There is a small-business owner in my church who told me that he is picky about who his customers are. If a customer is too demanding or has a bad attitude, he doesn’t do what they say. They don’t come back. Everyone is saved a hassle.

“The customer is always right” is a statement based on a business model of making money no matter what. Keeping customers happy retains customers so you can make more money off of them. Jerks pay cash too!

The church, in my opinion, is not a money-making venture. Mine particularly. Although the church ignores them, there are several verses about church discipline. Not all people in your church should be in your church. The customer is not always right.

This is a tough pill to swallow for many. Some have a view of grace that says anything goes, everyone must be tolerated, and no judging should ever be done. I think the Bible disagrees with that.

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Some Thoughts About Having Church Buildings

“Church is not a building.”

–Christians who attend churches where a majority of the budget is spent on buildings.


The amount of money spent on church buildings is ridiculous. I do believe this is going to come up on Judgment Day.

There is nothing in the Bible about churches having buildings. At the same time, there are plenty of verses talking about not putting our treasure on earth, not seeking material wealth, not getting tied down to earthly things, and the classic passage where the disciples bragged to Jesus about the impressive temple buildings, only to be shot down by Christ.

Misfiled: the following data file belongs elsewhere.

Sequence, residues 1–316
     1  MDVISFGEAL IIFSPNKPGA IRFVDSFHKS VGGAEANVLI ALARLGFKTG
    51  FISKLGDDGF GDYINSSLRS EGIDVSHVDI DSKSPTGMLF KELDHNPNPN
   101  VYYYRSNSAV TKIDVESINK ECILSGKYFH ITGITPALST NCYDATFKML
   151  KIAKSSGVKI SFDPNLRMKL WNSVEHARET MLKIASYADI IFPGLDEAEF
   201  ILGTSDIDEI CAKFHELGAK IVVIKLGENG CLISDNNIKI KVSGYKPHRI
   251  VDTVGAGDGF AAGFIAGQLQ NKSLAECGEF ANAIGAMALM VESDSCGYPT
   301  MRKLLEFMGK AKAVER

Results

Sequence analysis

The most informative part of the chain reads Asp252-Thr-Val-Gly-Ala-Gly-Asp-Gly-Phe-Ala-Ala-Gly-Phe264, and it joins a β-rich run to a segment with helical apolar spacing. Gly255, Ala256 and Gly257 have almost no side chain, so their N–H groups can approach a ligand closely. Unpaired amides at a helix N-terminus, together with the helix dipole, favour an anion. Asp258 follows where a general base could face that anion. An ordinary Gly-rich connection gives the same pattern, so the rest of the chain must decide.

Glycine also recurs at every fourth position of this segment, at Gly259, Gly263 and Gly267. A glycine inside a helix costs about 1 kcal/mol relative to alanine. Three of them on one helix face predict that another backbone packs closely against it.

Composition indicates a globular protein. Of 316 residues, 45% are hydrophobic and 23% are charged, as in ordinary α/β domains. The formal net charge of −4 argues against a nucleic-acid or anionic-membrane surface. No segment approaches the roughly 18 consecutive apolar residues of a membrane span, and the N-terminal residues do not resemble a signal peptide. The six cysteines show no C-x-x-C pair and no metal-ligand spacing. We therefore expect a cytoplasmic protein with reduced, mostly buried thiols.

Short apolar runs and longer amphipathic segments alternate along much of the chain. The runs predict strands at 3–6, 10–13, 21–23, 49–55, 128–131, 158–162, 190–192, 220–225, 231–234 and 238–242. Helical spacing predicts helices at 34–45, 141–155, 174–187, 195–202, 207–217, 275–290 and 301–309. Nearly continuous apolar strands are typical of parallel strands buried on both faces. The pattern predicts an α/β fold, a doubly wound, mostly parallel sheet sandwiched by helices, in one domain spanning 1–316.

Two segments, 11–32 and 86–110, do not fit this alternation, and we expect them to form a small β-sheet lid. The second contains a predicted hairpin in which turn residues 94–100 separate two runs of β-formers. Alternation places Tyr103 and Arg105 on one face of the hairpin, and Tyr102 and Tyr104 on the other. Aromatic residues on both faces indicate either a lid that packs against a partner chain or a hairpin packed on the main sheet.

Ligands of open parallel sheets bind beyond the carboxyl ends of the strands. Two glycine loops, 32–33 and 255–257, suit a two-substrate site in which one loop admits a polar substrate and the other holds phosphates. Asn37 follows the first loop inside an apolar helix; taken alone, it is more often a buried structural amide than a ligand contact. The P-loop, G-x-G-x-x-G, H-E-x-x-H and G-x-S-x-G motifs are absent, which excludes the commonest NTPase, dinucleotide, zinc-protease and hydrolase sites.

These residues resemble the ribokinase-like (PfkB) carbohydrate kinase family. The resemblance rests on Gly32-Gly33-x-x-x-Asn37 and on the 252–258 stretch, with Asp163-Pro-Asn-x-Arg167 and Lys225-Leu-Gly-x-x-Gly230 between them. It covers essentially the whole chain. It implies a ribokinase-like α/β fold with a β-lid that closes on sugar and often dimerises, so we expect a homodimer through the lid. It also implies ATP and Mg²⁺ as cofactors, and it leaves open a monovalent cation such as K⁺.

I won’t say having a church building is a sin, nor that a church should not have a building, but I do hear an awful lot of pride expressed in buildings, the very same buildings that will, like the old temple, be toppled.

I did a wedding at a different church once where they just added a new addition. It was a separate building with a gym and classrooms. They proudly showed me every single room, even though they all looked the same.

When the Grand Tour was over, my tour guide asked me, “I probably shouldn’t have shown you all that! Now you are envious of our building!” This was said with zero hint that they were sorry. It was pride through and through. I said, “No, not really. I think I’ll be ok.”

“You still meeting in the same place?” is a question I get frequently. Without blowing my cover, we don’t have a building. What we do is pathetic in light of what all the cool churches are doing. It has cost us some people.

One family left because the new Vineyard church put in an arcade for the kids. “How come our church doesn’t do anything like that?”

“Because I think that’s stupid” was apparently not the answer they were looking for. They left. Hope their kids had a nice time at the arcade.

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Why I Don’t Like Pastors’ Conferences

I am not at a pastor’s conference. I am at home saving money and serving the Lord.

And judging pastors at pastor’s conferences.



I don’t like pastors’ conferences. This is not because I am opposed to them, I just don’t like them. Here are the main reasons why: